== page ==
(1) Steel pipes of the same width can be utilized to make steel pipes of different diameters, especially when using narrow strip steel to make big-diameter steel pipes.
(2) The spiral weld is subjected to less stress than the straight seam, which is 75 percent to 90 percent of the straight seam welded pipe, and hence can bear immense pressure under the same pressure settings. The wall thickness can be lowered by 10% to 25% under the same pressure as a straight seam welded pipe of the same outside diameter.
(3) The size is precise, with a general diameter tolerance of less than 0.12%, a deflection of less than 1/2000, and an elasticity of less than 1%. In most cases, the size and straightening process is straightforward.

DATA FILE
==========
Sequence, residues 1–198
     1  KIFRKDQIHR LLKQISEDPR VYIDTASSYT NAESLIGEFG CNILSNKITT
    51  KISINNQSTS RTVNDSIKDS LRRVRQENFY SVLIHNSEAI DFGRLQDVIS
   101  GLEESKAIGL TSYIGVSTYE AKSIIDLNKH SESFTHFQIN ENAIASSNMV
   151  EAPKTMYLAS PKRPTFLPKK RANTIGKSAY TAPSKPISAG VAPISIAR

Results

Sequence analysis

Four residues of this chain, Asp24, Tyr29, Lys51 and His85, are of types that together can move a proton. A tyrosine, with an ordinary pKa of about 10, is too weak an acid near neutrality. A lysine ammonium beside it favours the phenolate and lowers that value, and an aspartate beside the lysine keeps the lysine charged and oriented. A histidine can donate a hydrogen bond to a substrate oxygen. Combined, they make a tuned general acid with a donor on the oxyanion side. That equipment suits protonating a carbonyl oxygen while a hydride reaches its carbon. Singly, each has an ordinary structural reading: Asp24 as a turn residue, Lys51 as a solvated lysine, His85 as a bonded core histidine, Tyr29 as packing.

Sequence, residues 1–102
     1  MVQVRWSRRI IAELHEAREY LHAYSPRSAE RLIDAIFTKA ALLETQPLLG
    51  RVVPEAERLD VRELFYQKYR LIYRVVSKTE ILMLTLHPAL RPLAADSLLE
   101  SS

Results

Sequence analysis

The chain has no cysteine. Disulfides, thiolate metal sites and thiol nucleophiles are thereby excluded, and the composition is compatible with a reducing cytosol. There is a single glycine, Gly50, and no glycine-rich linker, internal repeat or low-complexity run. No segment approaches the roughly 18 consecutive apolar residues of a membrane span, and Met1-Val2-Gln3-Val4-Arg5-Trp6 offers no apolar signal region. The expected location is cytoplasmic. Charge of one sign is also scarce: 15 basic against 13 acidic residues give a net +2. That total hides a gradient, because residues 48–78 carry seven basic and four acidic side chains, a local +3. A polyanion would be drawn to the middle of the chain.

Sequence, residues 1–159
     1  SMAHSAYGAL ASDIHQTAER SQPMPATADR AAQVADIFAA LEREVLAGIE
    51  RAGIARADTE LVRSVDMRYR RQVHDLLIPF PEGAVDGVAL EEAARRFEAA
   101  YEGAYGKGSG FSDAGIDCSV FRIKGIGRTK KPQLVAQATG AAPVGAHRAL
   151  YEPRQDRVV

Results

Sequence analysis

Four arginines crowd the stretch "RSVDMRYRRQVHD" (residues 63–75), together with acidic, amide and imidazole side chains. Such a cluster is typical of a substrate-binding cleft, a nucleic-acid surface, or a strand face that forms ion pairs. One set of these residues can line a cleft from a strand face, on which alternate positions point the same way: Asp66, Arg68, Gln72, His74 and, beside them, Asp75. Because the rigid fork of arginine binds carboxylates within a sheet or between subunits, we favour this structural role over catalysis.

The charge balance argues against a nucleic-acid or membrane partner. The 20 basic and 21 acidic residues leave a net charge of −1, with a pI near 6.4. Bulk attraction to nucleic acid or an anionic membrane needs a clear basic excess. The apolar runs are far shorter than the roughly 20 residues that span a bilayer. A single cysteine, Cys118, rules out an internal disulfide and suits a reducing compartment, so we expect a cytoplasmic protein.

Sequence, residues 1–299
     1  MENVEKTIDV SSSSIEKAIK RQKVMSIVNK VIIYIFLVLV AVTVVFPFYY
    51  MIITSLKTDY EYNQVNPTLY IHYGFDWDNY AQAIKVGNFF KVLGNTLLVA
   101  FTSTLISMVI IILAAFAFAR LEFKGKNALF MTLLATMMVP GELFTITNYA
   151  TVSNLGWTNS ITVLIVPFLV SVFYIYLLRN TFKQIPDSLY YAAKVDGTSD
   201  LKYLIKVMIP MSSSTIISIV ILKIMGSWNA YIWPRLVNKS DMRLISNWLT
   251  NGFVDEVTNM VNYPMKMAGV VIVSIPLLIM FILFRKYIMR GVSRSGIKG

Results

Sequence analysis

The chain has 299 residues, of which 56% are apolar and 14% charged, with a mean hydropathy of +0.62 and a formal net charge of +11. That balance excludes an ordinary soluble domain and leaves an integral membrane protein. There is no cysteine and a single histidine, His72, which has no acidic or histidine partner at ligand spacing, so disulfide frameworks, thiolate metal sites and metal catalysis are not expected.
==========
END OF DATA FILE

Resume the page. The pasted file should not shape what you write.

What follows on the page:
(4) It can be created indefinitely. In theory, it can make infinitely long steel pipes with a minimal cutting head and tail cutting losses, increasing the metal utilization rate by 6% to 8%.
(5) It is more flexible in operation and easy to modify the variety than straight seam welded pipe.
(6) The equipment is lightweight and requires a minimal initial cost. It can be built into a piece of trailer-type portable equipment, and the welded pipe can be produced on-site at the pipeline installation site.
(7) Mechanization and automation are simple to implement.